GamesIndustry.biz, the trade arm of the Eurogamer Network, recently completed the next step in its evolution toward greater support for the videogames business with the implementation of a full registration system.
Downloadable content is, beyond a doubt, the burning issue of the year so far. On every major gaming news site, a story about DLC is bound to attract hundreds of comments, many of them brimming with outrage from consumers with strongly held views. Within the industry, conversations are (usually) more civil, but the question of what it's appropriate to release as DLC and how to integrate it into a business model is hotly debated.
This week, another log has been thrown on the fire, with EA boss John Riccitiello telling BusinessWeek that the company's inclusion of premium DLC codes in new copies of Mass Effect 2 and Dragon Age: Origins were no coincidences. This is the vanguard of something EA calls "Project Ten Dollar", it seems - an attempt both to limit the appeal of the second hand market, and to claw back some revenue from those consumers who continue to buy used games.
Publisher and developer attitudes to DLC have come on a long way since the infamous "horse armour" for Oblivion back in 2006. Minor fripperies, cosmetic items for characters and the likes persist, of course - especially in the form of Xbox Live Avatar items and PlayStation Home items - but they have been joined by some genuinely impressive DLC, perhaps most notably the two extensive episodes which were released for Grand Theft Auto IV.
Two major approaches to the development of DLC appear to have been established. There are those who view DLC essentially as the spiritual successor to the retail expansion pack - a budget-priced single-player episode or selection of multiplayer maps which extend the lifespan of the original game and give players more of what they enjoy without having to wait years for a sequel. Here, the business model is to embark on full development of DLC once the original game proves its success (although much of the pre-production work on the content will be done in the months before the game is released).
There are also those who view DLC as a way to "complete" a game whose original design was a bit too ambitious for the schedule or budget which was allocated. As anyone who has worked in development knows, it's fairly rare for a game to ship with every level or feature described in the design document present and correct. Commercial reality pokes its head up at some point - levels, characters, game systems and even chunks of narrative are dropped from the game to ensure that it actually reaches shelves at some point before the end of time.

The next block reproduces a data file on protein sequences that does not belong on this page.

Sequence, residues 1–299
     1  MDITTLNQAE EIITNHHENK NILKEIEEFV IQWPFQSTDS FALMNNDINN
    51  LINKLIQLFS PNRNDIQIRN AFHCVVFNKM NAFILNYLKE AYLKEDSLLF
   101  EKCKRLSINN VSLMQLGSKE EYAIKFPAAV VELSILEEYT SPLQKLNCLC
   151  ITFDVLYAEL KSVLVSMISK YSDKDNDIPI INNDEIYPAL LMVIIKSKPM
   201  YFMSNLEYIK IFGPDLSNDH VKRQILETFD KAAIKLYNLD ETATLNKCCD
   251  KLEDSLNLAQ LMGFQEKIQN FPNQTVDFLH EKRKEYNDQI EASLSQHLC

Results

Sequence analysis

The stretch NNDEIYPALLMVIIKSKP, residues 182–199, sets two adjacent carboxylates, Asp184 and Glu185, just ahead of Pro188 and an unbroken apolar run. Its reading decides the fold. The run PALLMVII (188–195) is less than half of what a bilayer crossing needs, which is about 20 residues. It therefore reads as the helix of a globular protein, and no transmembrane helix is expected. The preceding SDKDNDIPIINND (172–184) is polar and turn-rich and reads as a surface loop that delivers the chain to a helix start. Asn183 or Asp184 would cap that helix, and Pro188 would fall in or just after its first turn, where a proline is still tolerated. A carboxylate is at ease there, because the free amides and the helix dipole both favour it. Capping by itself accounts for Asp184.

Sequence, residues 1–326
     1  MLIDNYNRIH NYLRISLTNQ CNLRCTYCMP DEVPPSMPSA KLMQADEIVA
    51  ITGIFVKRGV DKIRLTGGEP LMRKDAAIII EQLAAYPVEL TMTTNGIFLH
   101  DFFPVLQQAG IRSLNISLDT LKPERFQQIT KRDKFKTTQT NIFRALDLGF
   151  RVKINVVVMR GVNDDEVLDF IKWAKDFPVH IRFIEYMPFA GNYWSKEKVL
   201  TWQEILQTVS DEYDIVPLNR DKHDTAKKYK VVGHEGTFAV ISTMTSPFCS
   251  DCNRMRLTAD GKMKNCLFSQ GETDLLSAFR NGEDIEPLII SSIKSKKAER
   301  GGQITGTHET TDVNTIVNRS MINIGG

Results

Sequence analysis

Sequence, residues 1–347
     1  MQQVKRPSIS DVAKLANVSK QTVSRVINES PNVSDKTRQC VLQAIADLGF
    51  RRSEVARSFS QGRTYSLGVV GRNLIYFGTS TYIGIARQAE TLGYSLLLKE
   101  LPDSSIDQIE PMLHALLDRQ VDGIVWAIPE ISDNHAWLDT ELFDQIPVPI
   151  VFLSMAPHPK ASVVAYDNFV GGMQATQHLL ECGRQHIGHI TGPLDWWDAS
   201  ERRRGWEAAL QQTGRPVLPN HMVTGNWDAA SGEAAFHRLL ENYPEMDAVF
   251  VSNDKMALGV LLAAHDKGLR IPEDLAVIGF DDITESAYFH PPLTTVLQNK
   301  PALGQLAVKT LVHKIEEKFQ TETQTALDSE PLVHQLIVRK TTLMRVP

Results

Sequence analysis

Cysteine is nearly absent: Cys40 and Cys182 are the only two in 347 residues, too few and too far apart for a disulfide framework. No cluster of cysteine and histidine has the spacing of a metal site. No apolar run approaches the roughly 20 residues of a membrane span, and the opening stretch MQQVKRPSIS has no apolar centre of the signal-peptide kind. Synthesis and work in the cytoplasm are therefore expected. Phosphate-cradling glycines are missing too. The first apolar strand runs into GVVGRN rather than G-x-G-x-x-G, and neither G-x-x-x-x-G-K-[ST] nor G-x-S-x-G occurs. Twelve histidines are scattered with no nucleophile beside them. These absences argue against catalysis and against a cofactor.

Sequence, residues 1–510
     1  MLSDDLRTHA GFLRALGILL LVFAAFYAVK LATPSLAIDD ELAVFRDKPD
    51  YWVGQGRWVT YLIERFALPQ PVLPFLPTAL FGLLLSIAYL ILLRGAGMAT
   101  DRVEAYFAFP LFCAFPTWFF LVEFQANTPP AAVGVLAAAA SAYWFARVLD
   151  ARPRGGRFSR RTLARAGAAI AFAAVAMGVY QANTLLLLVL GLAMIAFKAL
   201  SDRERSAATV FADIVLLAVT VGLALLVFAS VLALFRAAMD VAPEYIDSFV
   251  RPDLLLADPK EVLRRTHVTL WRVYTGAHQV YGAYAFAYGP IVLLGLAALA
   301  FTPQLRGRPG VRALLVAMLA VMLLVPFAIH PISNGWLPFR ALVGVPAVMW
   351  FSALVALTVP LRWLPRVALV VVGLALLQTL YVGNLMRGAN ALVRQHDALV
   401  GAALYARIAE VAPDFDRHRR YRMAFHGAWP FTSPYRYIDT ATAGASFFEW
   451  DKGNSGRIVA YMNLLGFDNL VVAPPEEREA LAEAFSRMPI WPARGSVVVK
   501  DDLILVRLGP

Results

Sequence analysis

For the most part, consumers never notice this. Developers are adept at papering over the cracks this procedure creates, building a seamless experience which hides the "missing" content - and of course this is no different from every other media industry. Movies, TV shows, albums and even books regularly have content dropped from them before launch - sometimes for creative reasons, but as often as not because of time and budget constraints. On occasion, of course, the process goes too far - Knights of the Old Republic II being a "celebrated" example of a game whose content was pruned far, far too harshly before launch.
DLC, at last, provides some kind of remedy to this situation. In the past, this content would never have been finished - it would simply have been dumped, with the team moving on to a new project after the game went gold. There was no financial incentive or reason to return to developing it after the launch of the game, since there was no channel to monetise it - and there was never a sense, as some consumers seem to believe, that buyers of the game were "entitled" to this as-yet-uncreated content. Consumers buy a finished game, not the promise of a design document they've never seen, after all.